A stolen backpack in Casablanca prompts a host of more psychological losses for the heroine of this high-tension narrative.
Every novel by Vida explores what distance from home can do to an American woman’s perception of herself, whether the locale is the Philippines (And Now You Can Go, 2003), Lapland (Let the Northern Lights Erase Your Name, 2007), or Turkey (The Lovers, 2010). Here, the unnamed narrator has arrived in Morocco for a solitary getaway—the details as to why aren’t disclosed till the ending—but the backpack containing her laptop, camera, credit cards, and passport is taken from her just as she’s checking into her hotel. The Kafkaesque plot turns that ensue serve to further erase her from the map; she claims another woman’s papers from a backpack the police wrongly believe is hers; a police report she needs to recover her identity goes missing; and, in a turn that occupies the heart of the novel, she takes a job as a stand-in for a famous actress who’s filming a movie in the city. The novel’s second-person voice is a not-so-subtle prompt for the reader to think about how he or she might act in these predicaments and a more slippery prompt to think about what identity is: who are “you” when your family, sense of place, and skills are expunged? Vida’s plainspoken, sometimes ice-cold minimalist style serves the question well, though the novel struggles to arrive at a clean conclusion, even a cleanly ambiguous one. Juggling the heroine’s Casablanca predicament with an increasingly wrenching recollection of the emotional messes she left back in the States, Vida works in unlikely coincidences and fits of flightiness to sell the character’s sense of dispossession. But the novel still packs a wallop, taking the themes of Camus and Kierkegaard and transplanting them into a story with the pace and intrigue of a page-turner.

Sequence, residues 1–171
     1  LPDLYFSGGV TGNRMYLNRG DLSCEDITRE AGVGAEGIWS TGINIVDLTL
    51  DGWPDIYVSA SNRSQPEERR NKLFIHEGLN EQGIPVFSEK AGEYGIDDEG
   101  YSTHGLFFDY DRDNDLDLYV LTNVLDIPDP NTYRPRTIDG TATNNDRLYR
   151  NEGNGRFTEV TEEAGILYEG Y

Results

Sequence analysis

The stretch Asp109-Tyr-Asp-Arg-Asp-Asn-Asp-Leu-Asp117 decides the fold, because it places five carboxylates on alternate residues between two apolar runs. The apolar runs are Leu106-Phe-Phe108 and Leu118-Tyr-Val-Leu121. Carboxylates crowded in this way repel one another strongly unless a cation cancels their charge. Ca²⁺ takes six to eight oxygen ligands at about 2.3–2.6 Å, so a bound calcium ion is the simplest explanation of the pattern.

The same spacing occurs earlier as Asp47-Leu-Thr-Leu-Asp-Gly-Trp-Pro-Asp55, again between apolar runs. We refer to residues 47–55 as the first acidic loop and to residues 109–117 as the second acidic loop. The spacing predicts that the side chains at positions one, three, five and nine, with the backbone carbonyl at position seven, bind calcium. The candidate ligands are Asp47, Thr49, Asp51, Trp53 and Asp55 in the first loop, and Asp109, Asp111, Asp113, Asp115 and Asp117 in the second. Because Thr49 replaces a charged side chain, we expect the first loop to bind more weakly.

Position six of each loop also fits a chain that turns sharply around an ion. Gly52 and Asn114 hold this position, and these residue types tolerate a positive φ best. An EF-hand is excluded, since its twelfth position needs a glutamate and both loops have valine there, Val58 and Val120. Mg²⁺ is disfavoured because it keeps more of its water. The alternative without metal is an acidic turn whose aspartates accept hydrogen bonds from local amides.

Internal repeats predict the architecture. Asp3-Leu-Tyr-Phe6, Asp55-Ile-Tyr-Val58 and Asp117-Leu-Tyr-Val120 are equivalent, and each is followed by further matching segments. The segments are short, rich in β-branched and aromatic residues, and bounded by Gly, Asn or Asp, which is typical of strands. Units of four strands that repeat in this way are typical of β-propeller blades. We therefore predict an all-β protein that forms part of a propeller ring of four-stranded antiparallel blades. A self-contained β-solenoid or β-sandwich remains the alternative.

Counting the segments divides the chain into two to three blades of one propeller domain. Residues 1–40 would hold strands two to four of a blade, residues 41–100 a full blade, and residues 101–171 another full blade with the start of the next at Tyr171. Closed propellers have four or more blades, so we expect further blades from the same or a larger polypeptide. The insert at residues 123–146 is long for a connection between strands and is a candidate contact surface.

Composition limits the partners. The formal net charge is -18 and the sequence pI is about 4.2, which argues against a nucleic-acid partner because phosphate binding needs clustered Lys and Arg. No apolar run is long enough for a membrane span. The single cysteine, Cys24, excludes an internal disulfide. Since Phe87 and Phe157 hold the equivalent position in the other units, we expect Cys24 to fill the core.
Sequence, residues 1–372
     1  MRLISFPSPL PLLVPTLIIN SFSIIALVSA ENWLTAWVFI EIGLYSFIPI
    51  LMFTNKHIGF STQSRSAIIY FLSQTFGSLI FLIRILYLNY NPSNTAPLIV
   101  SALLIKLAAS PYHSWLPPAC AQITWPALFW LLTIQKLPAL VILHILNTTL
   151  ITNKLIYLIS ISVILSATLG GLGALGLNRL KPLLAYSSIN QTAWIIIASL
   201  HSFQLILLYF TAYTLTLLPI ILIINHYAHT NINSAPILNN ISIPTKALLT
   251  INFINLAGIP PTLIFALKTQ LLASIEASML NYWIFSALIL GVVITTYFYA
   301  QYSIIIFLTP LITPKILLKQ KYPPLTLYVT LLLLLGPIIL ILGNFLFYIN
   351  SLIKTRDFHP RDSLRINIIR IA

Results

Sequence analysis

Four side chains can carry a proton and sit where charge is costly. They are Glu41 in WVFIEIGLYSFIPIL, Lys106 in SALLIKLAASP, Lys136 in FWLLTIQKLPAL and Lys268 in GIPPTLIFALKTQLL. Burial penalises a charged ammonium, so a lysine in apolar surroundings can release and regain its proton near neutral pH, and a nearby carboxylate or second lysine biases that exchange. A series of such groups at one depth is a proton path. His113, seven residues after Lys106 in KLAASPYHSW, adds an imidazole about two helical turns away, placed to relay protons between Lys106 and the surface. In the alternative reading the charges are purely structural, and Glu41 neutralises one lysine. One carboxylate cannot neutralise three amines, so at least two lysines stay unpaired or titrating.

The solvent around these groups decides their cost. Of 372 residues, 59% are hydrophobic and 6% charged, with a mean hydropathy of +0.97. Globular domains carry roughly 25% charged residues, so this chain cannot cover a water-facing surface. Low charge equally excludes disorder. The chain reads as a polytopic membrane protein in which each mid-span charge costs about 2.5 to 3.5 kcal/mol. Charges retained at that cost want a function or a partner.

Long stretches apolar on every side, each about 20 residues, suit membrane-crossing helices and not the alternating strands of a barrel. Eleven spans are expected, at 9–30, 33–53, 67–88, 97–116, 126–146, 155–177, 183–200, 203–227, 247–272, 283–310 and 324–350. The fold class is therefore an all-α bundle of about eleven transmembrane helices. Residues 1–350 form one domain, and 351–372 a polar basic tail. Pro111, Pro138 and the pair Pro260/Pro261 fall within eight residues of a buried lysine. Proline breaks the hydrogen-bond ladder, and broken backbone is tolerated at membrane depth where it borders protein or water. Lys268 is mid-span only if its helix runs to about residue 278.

A speedy and suspenseful fish-out-of-water tale with a slyly philosophical bent.